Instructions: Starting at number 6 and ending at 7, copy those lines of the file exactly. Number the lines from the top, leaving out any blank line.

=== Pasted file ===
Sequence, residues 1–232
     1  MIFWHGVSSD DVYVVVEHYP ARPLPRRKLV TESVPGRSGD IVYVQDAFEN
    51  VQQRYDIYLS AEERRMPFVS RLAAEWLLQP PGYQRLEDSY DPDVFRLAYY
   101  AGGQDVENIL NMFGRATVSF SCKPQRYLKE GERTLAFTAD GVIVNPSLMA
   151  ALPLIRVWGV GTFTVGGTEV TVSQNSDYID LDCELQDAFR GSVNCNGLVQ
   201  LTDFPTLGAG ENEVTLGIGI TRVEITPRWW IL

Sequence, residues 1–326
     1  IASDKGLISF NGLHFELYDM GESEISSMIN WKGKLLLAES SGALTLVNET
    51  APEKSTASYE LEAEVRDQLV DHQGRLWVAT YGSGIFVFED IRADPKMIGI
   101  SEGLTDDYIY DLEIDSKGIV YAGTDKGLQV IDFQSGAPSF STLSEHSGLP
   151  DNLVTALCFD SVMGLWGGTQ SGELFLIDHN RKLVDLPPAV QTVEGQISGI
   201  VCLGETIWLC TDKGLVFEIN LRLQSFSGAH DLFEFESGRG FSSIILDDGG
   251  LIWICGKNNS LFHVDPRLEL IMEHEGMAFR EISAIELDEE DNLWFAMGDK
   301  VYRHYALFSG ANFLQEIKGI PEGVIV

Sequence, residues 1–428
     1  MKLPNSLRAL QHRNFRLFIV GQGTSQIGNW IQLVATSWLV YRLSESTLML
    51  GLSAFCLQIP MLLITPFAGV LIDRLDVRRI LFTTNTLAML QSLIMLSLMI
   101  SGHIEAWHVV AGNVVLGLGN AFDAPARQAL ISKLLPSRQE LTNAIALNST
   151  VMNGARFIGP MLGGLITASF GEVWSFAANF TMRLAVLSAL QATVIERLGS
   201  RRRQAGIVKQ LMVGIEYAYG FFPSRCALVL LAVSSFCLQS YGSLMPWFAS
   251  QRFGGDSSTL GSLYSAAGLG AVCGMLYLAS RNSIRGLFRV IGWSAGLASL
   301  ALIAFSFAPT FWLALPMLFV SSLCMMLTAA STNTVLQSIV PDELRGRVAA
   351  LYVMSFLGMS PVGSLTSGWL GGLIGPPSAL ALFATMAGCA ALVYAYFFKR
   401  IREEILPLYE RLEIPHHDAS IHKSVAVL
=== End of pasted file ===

   201  LTDFPTLGAG ENEVTLGIGI TRVEITPRWW IL

Sequence, residues 1–326